Homeowners can use a home equity loan, home equity line of credit or refinance to consolidate their debt. A home equity loan is a second mortgage taken against the equity you’ve accrued in your home that provides a lump sum of cash with a fixed interest rate. A home equity line of credit, or HELOC, is also based on your home’s equity but works more like a credit card, offering you a revolving credit line you can access when needed. You’ll only pay back the amount you take out, plus interest, with a HELOC. And, if you have enough equity in your home, you can use a cash-out refinance to roll your credit card debt into a significantly lower interest rate.
A home equity loan or HELOC can help with debt consolidation, but the risks are higher — if you default on either, you could lose your home to the lender. That said, this can be a good option for homeowners with equity in their home that have the discipline to pay off the loan responsibly, without missing a payment.
- Typically lower interest rates than a personal loan
- May qualify for better terms even without good credit
- Lower monthly payments extended over a longer repayment period
- Must have equity in your home to qualify
- May require additional fees like an appraisal or closing fees
- Could lose your home if you default on the loan or line of credit
Credit counseling/debt consolidation programs
Best for anyone who doesn’t qualify for most debt consolidation options
Credit counseling services can help you understand your finances and how you got into credit card debt in the first place. They also help you create a plan to pay off your debts, which may include a debt consolidation program. There are various nonprofit credit counseling services, which offer their services for free or a small fee. Credit counselors can also help you negotiate lower interest rates and fees.
With a debt consolidation program, you pay one fixed monthly fee that’s divided and sent to your creditors. A debt consolidation program does not affect your credit score and may be ideal for someone who can’t qualify for other consolidation methods. There are many credit counseling scams online, so be sure to thoroughly vet a company before paying any money. The FTC has a good checklist to follow when interviewing credit counseling services.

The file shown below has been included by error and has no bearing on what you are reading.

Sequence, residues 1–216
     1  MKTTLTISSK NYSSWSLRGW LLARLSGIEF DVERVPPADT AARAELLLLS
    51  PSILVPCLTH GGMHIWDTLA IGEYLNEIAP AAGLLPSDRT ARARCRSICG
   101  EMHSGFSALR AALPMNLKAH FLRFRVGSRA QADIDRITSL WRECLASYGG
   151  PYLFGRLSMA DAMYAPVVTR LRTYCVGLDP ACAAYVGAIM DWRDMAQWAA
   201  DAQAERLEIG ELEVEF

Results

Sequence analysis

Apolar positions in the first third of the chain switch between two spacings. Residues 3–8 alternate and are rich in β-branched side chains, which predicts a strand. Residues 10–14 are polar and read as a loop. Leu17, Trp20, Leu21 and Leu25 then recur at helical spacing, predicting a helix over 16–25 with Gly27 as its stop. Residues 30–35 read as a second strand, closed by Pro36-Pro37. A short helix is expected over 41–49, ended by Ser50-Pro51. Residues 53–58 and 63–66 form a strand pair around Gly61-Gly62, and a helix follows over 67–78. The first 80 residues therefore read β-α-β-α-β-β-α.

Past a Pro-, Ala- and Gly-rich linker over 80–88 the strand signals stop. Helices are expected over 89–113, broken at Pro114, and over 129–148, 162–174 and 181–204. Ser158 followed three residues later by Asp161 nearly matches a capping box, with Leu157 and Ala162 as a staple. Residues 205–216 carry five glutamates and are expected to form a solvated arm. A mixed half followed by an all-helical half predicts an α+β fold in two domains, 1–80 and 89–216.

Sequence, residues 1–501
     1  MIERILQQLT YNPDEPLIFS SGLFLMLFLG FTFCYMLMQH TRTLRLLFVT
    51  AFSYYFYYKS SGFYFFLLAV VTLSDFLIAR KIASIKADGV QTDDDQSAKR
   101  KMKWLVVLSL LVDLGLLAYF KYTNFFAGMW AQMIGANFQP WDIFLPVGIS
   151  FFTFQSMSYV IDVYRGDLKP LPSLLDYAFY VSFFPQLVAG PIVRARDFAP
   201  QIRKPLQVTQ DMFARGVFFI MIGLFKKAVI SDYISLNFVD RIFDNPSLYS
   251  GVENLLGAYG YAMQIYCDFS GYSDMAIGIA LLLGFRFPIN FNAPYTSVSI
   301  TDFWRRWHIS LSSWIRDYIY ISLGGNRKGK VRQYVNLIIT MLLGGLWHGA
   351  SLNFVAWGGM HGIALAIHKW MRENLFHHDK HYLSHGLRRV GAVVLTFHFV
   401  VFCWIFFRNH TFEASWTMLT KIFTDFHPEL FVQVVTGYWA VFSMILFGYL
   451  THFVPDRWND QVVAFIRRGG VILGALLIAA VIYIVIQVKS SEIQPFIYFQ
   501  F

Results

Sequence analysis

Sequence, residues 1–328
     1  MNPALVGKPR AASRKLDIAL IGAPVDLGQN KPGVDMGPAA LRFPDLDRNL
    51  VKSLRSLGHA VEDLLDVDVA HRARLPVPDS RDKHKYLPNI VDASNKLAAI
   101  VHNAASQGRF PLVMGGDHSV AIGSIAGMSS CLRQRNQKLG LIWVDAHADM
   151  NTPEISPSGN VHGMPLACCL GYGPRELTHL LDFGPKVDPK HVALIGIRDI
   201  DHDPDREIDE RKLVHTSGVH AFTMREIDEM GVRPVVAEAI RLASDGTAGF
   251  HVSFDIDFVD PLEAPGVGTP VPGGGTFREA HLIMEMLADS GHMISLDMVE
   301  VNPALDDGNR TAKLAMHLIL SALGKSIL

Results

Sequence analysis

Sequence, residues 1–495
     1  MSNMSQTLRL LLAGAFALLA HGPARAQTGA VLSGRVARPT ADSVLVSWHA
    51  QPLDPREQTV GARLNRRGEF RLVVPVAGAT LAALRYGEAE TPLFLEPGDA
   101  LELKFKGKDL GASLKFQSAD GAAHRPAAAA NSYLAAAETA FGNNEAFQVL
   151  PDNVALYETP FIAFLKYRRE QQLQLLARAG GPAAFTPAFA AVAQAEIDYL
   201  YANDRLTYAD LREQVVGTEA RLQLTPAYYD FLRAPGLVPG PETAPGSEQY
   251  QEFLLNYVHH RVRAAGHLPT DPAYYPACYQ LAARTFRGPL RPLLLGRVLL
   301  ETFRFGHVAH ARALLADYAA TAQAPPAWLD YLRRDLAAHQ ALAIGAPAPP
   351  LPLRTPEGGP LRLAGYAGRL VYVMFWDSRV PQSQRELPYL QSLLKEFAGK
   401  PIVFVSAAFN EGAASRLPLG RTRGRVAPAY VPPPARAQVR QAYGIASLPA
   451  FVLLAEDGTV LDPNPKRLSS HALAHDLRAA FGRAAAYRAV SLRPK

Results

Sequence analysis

- Won’t negatively impact your credit score
- Can reduce interest rates and fees
- Fixed monthly payments
- Available to those with less than favorable credit
- May require service and monthly fees unless working with a nonprofit organization
- Could takes years to pay off debt
- Credit usage may be frozen while in debt management
Best as a last resort
If you have an employer-sponsored retirement plan like a 401(k), you may be able to take a loan against as much as 50% of your balance to pay down existing debt. There is no credit check involved, and interest rates can be lower than other debt consolidation methods. A 401(k) loan usually has a five-year repayment schedule, but the total loan amount plus interest will become due if you lose or quit your job.
While taxes are not owed on a 401k loan that’s repaid, if you can’t repay the loan, it can then be considered taxable income, and you’ll be required to pay taxes and early withdrawal penalty fees.
- Lower interest rates
- No effect on credit score
- Five-year, fixed repayment schedule
- May reduce your retirement income
- Subject to taxes and penalties if you can’t repay
- Becomes due in full if separated from the employer
- Has caps on the amount you can borrow